Stack Overflow is a community of 4.7 million programmers, just like you, helping each other.

Join them; it only takes a minute:

Sign up
Join the Stack Overflow community to:
  1. Ask programming questions
  2. Answer and help your peers
  3. Get recognized for your expertise

What is the correct way to specify an empty dict or list for a function?

def func_a(l=list(), d=dict()):
    pass

def func_b(l=[], d={}):
    pass
share|improve this question
1  
Off-topic: You should not use mutable values as default argument value. – Ashwini Chaudhary Jun 24 '13 at 19:07
up vote 7 down vote accepted

Either of those is fine if you're not going to mutate the input arguments...

However, if you're planning on mutating the list or the dict inside the function, you don't want to use either of the forms that you've supplied... You want to do something more like this:

def func(l=None, d=None):
    if l is None:
       l = list()  #or l = []
    if d is None:
       d = dict()  #or d = {}

Note that [] and {} will result in marginally faster execution. If this is in a really tight loop, I'd use that.

share|improve this answer
    
Thanks--hopefully this is one mistake I won't make again :) – BenDundee Jun 24 '13 at 19:11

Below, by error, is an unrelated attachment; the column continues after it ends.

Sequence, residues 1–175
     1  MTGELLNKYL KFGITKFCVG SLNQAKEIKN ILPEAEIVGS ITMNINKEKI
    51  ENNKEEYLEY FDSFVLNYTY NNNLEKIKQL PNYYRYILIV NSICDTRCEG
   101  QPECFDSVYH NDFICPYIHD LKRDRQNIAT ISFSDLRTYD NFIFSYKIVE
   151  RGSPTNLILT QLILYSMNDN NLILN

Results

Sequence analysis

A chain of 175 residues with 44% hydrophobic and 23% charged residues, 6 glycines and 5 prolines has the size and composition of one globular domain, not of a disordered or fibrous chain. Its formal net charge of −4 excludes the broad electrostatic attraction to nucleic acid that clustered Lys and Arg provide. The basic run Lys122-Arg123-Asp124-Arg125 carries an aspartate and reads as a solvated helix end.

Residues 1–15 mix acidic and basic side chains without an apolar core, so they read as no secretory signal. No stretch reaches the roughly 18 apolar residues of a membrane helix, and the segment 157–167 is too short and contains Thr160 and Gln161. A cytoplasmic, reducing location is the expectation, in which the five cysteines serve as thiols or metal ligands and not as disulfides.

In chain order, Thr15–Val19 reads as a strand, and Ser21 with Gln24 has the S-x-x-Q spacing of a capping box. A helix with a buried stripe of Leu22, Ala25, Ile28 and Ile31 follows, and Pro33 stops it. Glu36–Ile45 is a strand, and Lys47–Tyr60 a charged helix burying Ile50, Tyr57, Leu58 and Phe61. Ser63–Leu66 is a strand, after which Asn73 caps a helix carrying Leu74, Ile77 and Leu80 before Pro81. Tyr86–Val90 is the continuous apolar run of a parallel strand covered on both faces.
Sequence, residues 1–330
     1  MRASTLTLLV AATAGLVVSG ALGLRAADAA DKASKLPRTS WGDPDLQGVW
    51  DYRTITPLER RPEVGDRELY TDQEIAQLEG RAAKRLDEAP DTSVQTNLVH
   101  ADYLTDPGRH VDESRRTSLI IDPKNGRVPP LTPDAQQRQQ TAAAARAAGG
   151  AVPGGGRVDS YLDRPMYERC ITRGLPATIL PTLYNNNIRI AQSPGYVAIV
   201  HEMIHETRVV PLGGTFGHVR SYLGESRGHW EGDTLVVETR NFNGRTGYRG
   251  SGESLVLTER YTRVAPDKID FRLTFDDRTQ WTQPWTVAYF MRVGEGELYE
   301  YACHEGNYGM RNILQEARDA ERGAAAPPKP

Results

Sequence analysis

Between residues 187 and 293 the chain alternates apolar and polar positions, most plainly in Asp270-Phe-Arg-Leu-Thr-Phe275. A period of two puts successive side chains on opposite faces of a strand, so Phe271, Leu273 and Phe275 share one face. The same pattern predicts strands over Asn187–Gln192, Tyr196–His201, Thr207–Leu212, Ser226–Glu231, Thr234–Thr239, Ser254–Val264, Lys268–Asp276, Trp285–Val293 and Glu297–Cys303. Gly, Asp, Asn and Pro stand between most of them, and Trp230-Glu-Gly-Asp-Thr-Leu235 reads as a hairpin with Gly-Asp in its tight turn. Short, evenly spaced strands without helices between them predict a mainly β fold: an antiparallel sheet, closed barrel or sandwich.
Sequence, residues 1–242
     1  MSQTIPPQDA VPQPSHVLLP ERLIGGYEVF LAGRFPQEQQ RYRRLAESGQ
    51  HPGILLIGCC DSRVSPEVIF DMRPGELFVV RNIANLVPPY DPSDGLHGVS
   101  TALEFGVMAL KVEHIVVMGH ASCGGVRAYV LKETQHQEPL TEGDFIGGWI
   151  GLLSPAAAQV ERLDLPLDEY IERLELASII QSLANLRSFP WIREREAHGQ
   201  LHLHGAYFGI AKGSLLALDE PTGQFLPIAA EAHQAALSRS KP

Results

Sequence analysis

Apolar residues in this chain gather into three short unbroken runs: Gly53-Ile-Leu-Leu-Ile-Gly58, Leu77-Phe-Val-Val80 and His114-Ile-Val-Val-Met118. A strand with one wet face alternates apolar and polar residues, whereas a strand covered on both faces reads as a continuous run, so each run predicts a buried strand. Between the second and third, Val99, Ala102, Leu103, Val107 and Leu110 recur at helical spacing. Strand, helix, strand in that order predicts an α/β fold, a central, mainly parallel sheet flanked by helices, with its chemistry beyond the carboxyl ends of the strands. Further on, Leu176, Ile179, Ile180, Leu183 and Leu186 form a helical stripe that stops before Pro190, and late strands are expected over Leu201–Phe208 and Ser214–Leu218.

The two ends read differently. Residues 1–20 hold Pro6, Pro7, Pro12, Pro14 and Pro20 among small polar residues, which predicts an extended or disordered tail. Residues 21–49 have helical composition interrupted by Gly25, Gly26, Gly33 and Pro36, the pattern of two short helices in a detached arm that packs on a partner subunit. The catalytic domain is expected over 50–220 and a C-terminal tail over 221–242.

1  
I'm OT but I'd like to point out a link I saw yesterday about [] VS list() and {} VS dict(): stackoverflow.com/questions/2972212/… – Paolo Jun 24 '13 at 19:14
    
@Guandalino -- Thanks for the link. I don't really have a preference for either way to build the list/dict unless it's in a really tight loop where the extra function call might be noticeable. Generally that's not the case though. FWIW, in my code I think I generally use literals rather than empty function calls. – mgilson Jun 24 '13 at 19:19

Neither. Default arguments in Python are evaluated once, at function definition. The correct way is to use None and check for it in the function:

def func(l=None):
    if l is None:
        l = []
    ...

See the discussion in this SO question.

share|improve this answer
    
+1 for the ref. – BenDundee Jun 24 '13 at 19:12

Your Answer

 
discard

By posting your answer, you agree to the privacy policy and terms of service.

Not the answer you're looking for? Browse other questions tagged or ask your own question.